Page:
Every, now and then I wonder if it's a good thing to work like that or if I should challenge myself to plan something, with sketches or a list of what colors I want to use, for example.
On the other hand, those are the pieces that are the most fun to make. Sometimes I'm sorry if I have limited myself by using a piece of backing that isn't big enough for the thoughts in my head. Then again, however, it can be really exciting to take on the challenge if the right idea suddenly pops into your mind.

When the focal was finished (with black faux leather on the back, by the way), I went through my beads for inspiration. The dagger beads had just the right color and luckily I had just ordered the blue crystals that I used in the rope.

Now I only need to find out who lives in those houses.


Rulaman and the mookaite "teeth" necklace

When I was a child, I had one favorite book, well, among all my other favorites ;-) You can tell from how the book looks that it has been read a lot of times. That book is called "Rulaman" and was written in 1878 by David Friedrich Weinland, a German zoologist.
The youth novel is set in the times of the cave people who used to live in our area. While not being without flaws, after all research has continued, it has everything, love, fights with the people from other caves and with dangerous animals, everyday life, betrayal, revenge, birth, death, travel - and the "old Parre", the oldest woman in the family.
I have always been a fan of hers, she's tough until the end.

Illustration from the book (by Heinrich Leutemann)

Now what does Rulaman to do with a new necklace of mine?
In the book there is one chapter on how the group hunts the dangerous cave lion responsible for the deaths of many family members. His fangs are given to the bravest men. At the time I thought that was utterly fascinating. Today it would probably make me sad.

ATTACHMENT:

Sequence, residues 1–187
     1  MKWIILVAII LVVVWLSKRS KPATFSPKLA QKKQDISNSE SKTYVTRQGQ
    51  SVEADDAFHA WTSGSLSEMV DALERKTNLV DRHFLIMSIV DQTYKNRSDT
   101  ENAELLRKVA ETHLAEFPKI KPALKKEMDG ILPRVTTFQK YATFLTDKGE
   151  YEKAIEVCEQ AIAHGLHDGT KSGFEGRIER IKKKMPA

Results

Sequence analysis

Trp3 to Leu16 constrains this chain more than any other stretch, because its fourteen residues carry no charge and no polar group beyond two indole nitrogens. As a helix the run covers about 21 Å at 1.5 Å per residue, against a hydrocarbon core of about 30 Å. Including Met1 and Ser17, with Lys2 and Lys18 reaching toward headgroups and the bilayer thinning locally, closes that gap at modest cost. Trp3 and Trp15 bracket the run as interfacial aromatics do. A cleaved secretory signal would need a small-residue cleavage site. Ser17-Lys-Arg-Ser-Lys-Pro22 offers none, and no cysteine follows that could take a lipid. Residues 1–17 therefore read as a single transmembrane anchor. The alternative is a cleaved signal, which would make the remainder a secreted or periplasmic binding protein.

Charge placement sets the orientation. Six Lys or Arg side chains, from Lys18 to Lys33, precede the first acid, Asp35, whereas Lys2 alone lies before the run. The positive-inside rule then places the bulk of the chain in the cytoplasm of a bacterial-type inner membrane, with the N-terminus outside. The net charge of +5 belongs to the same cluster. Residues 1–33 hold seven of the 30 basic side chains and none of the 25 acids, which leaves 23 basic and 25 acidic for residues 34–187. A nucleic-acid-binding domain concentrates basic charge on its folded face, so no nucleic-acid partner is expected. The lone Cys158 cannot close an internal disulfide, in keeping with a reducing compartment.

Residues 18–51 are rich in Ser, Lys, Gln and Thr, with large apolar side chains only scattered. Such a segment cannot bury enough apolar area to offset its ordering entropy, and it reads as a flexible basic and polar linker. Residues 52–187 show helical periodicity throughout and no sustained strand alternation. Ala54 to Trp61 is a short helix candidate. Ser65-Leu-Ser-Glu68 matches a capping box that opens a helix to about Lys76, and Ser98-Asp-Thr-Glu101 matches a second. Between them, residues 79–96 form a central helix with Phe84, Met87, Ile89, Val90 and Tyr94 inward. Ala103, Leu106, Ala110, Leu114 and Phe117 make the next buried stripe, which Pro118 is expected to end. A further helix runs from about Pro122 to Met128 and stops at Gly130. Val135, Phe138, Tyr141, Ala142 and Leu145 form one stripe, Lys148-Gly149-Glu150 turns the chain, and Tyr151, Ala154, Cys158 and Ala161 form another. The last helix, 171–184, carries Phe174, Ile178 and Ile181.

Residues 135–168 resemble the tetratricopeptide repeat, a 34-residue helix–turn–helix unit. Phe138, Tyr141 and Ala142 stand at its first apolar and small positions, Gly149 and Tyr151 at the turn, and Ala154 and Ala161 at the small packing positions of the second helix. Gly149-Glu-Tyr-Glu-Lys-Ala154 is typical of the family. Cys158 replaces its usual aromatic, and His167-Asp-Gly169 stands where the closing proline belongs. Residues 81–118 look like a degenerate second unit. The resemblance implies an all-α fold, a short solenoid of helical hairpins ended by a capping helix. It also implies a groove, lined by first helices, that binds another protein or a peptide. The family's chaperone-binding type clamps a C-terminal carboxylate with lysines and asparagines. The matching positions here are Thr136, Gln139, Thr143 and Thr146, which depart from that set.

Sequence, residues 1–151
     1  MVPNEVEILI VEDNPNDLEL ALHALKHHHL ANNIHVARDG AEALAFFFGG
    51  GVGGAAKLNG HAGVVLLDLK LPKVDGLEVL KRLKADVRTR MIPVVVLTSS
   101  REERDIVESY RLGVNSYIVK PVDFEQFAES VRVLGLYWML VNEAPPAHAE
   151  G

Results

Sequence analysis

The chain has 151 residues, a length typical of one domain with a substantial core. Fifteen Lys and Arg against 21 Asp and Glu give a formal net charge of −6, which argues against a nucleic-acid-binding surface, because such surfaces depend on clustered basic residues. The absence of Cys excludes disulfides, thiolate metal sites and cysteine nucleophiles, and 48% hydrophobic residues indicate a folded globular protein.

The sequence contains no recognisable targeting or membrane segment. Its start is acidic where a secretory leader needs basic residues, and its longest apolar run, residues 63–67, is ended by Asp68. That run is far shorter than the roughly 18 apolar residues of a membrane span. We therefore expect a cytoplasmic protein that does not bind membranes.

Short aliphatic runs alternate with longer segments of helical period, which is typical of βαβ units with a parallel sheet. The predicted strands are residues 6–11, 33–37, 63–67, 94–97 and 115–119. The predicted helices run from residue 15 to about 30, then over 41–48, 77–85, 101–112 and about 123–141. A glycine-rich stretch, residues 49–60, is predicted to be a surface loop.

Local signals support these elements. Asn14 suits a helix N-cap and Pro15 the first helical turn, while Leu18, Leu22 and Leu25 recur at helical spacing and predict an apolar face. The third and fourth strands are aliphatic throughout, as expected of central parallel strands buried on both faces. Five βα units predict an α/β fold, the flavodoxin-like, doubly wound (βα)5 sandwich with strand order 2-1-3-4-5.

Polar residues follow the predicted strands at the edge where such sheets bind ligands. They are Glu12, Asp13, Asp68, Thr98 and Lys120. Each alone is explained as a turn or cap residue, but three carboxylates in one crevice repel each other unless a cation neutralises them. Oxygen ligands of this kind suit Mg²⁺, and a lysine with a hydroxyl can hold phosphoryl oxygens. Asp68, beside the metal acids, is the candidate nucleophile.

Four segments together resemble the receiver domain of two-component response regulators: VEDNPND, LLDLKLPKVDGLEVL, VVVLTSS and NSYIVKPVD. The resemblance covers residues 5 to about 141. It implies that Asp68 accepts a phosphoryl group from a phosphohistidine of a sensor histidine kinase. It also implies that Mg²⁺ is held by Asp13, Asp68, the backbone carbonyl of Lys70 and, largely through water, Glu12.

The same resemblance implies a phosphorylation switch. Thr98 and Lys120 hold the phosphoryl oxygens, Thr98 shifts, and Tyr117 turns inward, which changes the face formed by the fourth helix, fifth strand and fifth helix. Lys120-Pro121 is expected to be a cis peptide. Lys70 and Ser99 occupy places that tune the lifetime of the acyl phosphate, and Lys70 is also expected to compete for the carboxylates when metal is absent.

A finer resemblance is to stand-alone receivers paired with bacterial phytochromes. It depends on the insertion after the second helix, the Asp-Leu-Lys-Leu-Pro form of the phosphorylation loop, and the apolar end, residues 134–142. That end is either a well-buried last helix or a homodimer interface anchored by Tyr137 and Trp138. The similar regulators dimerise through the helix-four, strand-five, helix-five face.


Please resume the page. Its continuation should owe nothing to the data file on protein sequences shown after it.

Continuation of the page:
I had these mookaite "teeth" around for a while. I tried more than once to wrap them in wire, but it never worked out. They were too wide at the top to make a nice wrap, and the shapes, though similar, weren't the same, the bead holes were crooked, at one side instead of through the center, sometimes higher, sometimes lower - I just didn't like the look.
Finally I had an idea, though. How about bead caps? Or even better, to accommodate to the different shapes and bead holes, how about bands of peyote to hold the stones and little "handles" on top which I could make longer or shorter depending on how much of the stone looked out?

It worked like a charm. I used a mix of copper plate and galvanized berry Delicas for a bit of contrast. Galvanized beads are always a risk because the color can rub off, so a silver color is looking through. Using a mix from the start, the small spots where the silver is shining through contribute to a vintage look rather well, I think.
I finished 15 "teeth" before I ran out of beads. I still have more of the stones, however, maybe I'm going to combine them with a different Delica color.
For the chain I chose an antiqued copper tone rolo chain.
Aren't the colors of the mookaite beautiful?